China: Tit-for-tat tariffs will ‘destroy’ US-China trade

Trump Announces New Taxes on TVs and Air Conditioners

US prepares to impose new tariffs on additional $200B worth of Chinese goods

Beijing warns of "necessary countermeasures" as Washington announces 10 percent tariffs on Chinese goods, upping the ante in its trade dispute with the Asian economic giant. But Trump hasn't backed down, arguing that China's unfair trading practices are hurting American workers. The list amounts to $200 billion in products in total and also includes chemicals, steel, aluminum, TV components and many consumer products, including food and clothing.

The administration will consult on the products over the summer, and make a final decision on tariffs after August 30.

It's now safe to say that a trade war is underway between the United States and China.

U.S. tariffs of 25 percent on $34 billion of Chinese imports went into effect on July 6. These levies target sectors key to China's industrial strategy, including computer hardware, railway equipment and aerospace manufacturing.

"Trade experts we have consulted point to the potential for anti-U.S. social media campaigns, delays or blockage of regulatory approvals, travel bans, investment restrictions, among other options", Raymond James analyst Ed Mills said in a report.

"Unfortunately, China has not changed its behavior - behavior that puts the future of the USA economy at risk", he continues. The new round of tariffs is a retaliation against the retaliation.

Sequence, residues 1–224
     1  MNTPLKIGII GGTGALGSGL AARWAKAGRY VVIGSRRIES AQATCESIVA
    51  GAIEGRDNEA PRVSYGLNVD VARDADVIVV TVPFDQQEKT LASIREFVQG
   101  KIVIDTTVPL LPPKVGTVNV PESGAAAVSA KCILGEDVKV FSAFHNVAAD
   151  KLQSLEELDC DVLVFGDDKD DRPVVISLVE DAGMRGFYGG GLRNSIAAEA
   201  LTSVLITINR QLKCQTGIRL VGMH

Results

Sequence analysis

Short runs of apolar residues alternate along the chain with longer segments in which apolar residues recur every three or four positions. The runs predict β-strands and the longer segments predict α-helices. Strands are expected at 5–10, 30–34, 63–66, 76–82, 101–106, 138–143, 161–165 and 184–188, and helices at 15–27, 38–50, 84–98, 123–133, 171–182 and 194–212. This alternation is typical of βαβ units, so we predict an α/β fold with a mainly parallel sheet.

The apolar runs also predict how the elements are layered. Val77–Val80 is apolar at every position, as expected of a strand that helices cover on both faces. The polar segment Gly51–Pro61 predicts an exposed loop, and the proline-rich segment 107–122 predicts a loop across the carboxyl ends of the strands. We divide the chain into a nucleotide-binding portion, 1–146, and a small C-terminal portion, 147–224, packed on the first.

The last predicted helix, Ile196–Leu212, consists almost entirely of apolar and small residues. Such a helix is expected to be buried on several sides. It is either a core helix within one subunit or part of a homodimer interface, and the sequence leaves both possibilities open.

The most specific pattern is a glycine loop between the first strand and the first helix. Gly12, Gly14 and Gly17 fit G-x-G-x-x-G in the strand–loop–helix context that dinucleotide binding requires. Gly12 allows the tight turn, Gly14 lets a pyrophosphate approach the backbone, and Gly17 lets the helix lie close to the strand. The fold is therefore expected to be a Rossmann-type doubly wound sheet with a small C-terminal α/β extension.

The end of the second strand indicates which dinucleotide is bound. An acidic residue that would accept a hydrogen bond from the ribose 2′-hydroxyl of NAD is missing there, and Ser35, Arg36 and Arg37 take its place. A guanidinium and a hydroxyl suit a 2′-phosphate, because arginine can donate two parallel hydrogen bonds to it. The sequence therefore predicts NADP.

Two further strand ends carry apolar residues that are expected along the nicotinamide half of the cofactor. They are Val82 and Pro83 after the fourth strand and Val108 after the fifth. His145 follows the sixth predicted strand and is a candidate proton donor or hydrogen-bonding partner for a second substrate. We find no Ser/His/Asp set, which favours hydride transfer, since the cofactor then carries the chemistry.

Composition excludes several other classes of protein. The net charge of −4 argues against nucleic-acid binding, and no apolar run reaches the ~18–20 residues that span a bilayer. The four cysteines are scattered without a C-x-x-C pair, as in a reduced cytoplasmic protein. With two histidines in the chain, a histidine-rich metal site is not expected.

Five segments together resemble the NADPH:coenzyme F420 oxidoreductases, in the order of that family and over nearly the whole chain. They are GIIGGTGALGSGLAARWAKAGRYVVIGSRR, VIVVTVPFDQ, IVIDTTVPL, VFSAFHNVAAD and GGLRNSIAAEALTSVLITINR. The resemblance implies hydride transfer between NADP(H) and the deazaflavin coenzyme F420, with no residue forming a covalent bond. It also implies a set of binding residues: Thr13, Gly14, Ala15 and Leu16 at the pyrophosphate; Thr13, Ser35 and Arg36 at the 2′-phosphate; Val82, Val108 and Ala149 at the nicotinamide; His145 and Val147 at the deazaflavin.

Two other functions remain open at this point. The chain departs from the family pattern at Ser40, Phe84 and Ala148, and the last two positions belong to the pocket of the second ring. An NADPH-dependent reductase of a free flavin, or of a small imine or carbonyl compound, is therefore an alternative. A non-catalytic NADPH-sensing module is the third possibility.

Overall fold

In a statement us trade representative Robert Lighthizer said these new additional tariffs are a result of "China's retaliation and failure to change its practices" after the first round of tariffs. That raises the risk China could retaliate in other ways, such as placing restrictions on us companies doing business in the country.

The Trump administration has tried to limit the impact of the trade war on consumers and any backlash that it might prompt, but the scale of these tariffs make it next to impossible to protect them.

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China's government has criticized the latest US threat of a tariff hike as "totally unacceptable" and vowed to retaliate in their escalating trade war.

"None of this has produced a dramatic change in other countries and has yielded further retaliation", Mr. Holleyman wrote in an e-mail. "Reliance on more and more taxes as a means to drive change is a high-risk strategy with US importers and exporters at the heart".

President Xi Jinping's government is also planning to take action against Washington's "unilateralist" behavior at the World Trade Organization in Geneva. "What's next is not so much a trade war or even a cold war as the dawn of an ice age in relations between China and the United States".

More than 6,031 product lines are affected by the proposed tariffs, including seafood, fruits and vegetables, grains, tobacco, vehicle rearview mirrors and burglar alarms.

China, which imports 60 per cent of the soybeans traded worldwide, bought 32.9 million tonnes from the USA a year ago, accounting for 34 per cent of the total purchases.

Some U.S. business groups and lawmakers from Trump's own Republican Party were critical of the escalating tariffs. "If the US goes ahead with more, China needs a combination of tools and it is prudent to guard against downside risk to growth too".

Chinese 10-year treasury futures for September delivery, the most-traded contract, gained 0.34 percent to 95.830.

Trump said some politicians call him to say, "That's bad".

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